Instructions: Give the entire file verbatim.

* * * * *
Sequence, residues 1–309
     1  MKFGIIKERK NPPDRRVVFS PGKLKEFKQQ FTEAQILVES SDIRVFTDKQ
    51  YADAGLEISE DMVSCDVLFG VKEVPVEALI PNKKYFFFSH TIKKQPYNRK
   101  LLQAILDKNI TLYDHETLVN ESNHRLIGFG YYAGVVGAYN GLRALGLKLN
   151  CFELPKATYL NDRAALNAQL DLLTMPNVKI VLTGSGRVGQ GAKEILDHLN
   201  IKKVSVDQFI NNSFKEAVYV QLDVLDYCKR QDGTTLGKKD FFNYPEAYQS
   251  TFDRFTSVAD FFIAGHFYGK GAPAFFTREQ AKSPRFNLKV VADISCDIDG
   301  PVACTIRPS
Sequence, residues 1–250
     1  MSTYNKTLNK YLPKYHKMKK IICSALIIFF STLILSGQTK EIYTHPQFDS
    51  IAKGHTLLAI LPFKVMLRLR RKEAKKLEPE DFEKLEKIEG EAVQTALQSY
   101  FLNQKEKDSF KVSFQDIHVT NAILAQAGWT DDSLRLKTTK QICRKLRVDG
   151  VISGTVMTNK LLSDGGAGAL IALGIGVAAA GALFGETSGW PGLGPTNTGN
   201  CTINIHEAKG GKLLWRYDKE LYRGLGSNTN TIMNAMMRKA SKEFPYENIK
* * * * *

Sequence, residues 1–309
     1  MKFGIIKERK NPPDRRVVFS PGKLKEFKQQ FTEAQILVES SDIRVFTDKQ
    51  YADAGLEISE DMVSCDVLFG VKEVPVEALI PNKKYFFFSH TIKKQPYNRK
   101  LLQAILDKNI TLYDHETLVN ESNHRLIGFG YYAGVVGAYN GLRALGLKLN
   151  CFELPKATYL NDRAALNAQL DLLTMPNVKI VLTGSGRVGQ GAKEILDHLN
   201  IKKVSVDQFI NNSFKEAVYV QLDVLDYCKR QDGTTLGKKD FFNYPEAYQS
   251  TFDRFTSVAD FFIAGHFYGK GAPAFFTREQ AKSPRFNLKV VADISCDIDG
   301  PVACTIRPS
Sequence, residues 1–250
     1  MSTYNKTLNK YLPKYHKMKK IICSALIIFF STLILSGQTK EIYTHPQFDS
    51  IAKGHTLLAI LPFKVMLRLR RKEAKKLEPE DFEKLEKIEG EAVQTALQSY
   101  FLNQKEKDSF KVSFQDIHVT NAILAQAGWT DDSLRLKTTK QICRKLRVDG
   151  VISGTVMTNK LLSDGGAGAL IALGIGVAAA GALFGETSGW PGLGPTNTGN
   201  CTINIHEAKG GKLLWRYDKE LYRGLGSNTN TIMNAMMRKA SKEFPYENIK